HMS Racehorse (1830)
HMS Racehorse (1830)


The Royal Navy

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NameRacehorse (1830)Explanation
TypeSloop   
Launched24 May 1830
HullWooden
PropulsionSail
Builders measure438 tons
Displacement 
Guns18
Fate1901
Class 
Ships book
Note1860 c.h.
Snippets concerning this vessels career
DateEvent
1 February 1834
- 5 December 1837
Commanded by Commander James Everard Home, West Indies
13 November 1837
- 28 April 1839
Commanded by Commander Henry William Craufurd, North America and West Indies
5 May 1839
- 14 February 1841
Commanded by Commander Edward Alfred John Harris, North America and West Indies
15 March 1841Commanded by Commander John Coghlan Fitzgerald, North America and West Indies
(January 1843)Out of commission at Plymouth
14 December 1844Commanded by Commander George James Hay, East Indies
1 April 1846Commanded by Commander Robert Jocelyn Otway
26 June 1846
- 1848
Commanded by Commander Edward Southwell Sotheby, East Indies
28 November 1853
- 4 September 1857
Commanded by Commander Edward King Barnard, East Indies
5 May 1857
- 27 May 1858
Commanded by Arthur Wilmshurst, East Indies and China
Extracts from the Times newspaper
DateExtract
Sa 15 May 1847

PORTSMOUTH, May 14.

The Driver steam stoop, Commander C.O. Hayes, arrived at Spithead this afternoon from New Zealand and Rio, having left the former place on the 28th of January and the latter on the 27th of March.
The Driver was commissioned on the 30th of August, 1841, since which period she has been employed on the East India and China station, until September, 1845, when she was ordered to New Zealand, having been employed on that station upwards of 12 months, performing most valuable and important services. She has been in commission longer than any vessel since the peace, surveying vessels perhaps excepted, and is the first steam vessel that has circumnavigated the globe.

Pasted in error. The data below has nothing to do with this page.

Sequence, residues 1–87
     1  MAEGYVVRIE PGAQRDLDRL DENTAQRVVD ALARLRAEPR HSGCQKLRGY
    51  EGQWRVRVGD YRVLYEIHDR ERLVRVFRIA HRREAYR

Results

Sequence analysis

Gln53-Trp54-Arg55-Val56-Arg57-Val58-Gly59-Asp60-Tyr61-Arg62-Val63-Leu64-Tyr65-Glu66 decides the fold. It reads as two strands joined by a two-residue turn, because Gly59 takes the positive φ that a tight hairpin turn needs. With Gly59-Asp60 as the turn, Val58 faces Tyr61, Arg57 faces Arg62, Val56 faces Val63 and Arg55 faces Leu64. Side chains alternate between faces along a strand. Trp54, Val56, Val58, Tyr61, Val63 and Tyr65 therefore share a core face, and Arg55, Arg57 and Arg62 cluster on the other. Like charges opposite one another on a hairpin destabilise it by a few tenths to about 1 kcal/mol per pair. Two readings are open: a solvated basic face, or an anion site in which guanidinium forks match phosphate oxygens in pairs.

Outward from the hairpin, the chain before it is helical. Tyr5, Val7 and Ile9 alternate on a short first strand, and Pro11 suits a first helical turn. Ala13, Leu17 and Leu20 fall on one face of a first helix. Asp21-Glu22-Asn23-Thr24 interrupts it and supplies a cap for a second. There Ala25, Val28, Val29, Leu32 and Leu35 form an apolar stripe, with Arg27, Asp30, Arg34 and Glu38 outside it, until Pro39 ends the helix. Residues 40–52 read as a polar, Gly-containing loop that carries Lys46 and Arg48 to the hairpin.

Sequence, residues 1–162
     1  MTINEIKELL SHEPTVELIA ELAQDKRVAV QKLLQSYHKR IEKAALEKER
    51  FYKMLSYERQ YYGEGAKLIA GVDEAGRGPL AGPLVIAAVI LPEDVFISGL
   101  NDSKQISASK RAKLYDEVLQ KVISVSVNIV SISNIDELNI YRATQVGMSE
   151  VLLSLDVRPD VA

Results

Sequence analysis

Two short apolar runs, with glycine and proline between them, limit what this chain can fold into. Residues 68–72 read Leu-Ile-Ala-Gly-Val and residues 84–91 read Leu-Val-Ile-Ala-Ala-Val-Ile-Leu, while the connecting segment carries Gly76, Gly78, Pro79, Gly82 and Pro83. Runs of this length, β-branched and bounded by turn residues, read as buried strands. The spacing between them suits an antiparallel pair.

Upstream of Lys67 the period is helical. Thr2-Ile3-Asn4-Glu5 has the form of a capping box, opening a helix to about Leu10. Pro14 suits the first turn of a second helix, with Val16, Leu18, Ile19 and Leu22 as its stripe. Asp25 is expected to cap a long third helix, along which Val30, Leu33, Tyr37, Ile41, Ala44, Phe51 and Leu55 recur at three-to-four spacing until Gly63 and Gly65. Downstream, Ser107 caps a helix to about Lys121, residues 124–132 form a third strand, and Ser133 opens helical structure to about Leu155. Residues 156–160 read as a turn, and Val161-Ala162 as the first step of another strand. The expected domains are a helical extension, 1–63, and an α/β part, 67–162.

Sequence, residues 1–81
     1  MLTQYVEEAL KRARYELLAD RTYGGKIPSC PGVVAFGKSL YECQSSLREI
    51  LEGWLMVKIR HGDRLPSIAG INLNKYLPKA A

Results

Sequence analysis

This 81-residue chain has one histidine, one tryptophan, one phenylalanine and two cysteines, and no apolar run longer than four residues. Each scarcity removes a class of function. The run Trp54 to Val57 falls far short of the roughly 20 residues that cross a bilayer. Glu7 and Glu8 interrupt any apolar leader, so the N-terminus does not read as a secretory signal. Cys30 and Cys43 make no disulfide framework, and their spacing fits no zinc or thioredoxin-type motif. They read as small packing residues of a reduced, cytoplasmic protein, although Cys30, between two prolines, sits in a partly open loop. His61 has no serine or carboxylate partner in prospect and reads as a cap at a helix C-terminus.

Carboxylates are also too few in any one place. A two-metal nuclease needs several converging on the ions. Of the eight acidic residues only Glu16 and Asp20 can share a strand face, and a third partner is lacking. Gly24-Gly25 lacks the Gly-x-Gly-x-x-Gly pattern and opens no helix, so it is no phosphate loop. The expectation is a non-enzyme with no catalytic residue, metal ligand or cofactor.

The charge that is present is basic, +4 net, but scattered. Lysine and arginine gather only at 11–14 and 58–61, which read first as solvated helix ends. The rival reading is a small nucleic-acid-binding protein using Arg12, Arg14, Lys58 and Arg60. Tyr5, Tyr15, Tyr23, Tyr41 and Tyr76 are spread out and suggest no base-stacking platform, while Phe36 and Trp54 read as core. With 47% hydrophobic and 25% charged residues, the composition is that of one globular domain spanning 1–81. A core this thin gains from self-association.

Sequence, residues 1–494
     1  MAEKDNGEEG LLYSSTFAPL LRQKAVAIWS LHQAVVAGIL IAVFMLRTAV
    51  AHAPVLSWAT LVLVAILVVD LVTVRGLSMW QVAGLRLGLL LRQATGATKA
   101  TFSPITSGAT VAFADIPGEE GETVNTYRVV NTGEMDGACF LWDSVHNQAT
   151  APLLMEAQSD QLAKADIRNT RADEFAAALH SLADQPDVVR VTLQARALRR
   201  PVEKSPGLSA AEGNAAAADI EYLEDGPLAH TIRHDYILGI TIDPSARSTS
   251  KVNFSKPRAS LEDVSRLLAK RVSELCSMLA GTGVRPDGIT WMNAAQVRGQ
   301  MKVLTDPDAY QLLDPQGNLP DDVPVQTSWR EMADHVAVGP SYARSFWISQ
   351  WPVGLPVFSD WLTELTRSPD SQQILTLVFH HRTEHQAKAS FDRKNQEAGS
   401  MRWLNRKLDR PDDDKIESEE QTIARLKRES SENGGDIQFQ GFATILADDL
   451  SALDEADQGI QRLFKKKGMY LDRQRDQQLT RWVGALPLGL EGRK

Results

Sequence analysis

She sailed from Auckland, New Zealand, on the afternoon of the 28th of January, having been relieved by the Inflexible steam sloop, Commander Hoseason, on the 25th. She arrived off the entrance of the Straits of Magellan on the 2d of March, but thick hazy weather prevented her attempting them, so she bore up and steamed round Cape Horn, being only 35 days from New Zealand. She arrived at Rio on the 22d of March, at which time the Satellite, 18, Commander Rowley, was beating out round to the river Plate. The Curaçoa, 24, Captain Broughton, was at anchor, expecting relief daily. The Driver completed coal and water, and sailed from Rio on the 27th of March. During her passage home she had four deaths, namely, Mr. J.G. Nops, late master of the Racehorse, on the 12th of February; Mr. Goodman, late carpenter of the Racehorse, on the 5th of March, from the bursting of a blood vessel; James Bothway, stoker of the Driver, found dead under his mess table on the afternoon of the 9th of April, of apoplexy; James Croker, seaman of the Driver, on the 1st of April, from locked jaw, occasioned by a wound received in the foot when assisting in turning the wheel of the engine whilst at Rio. The Driver has lost 32 men by death and 47 by invaliding during the period of her commission; many of the latter died on their passage home from China. She has gone over a distance of 75,696 miles. Commander Maxwell Falcon, late first lieutenant of the Castor, came home passenger. She brings home invalids from the Castor, 26, Captain Graham; Calliope, 26, Captain Stanley; Racehorse,18, Commander Sotheby ; and the Inflexible. At the time of her departure the Calliope and Racehorse were at Wellington, the Castor and Inflexible at Auckland. The only officers who left England in the Driver and returned in her are — the first lieutenant, master, surgeon, and purser. She came into harbour this evening to replenish fuel, prior to going to the eastward to be paid off.


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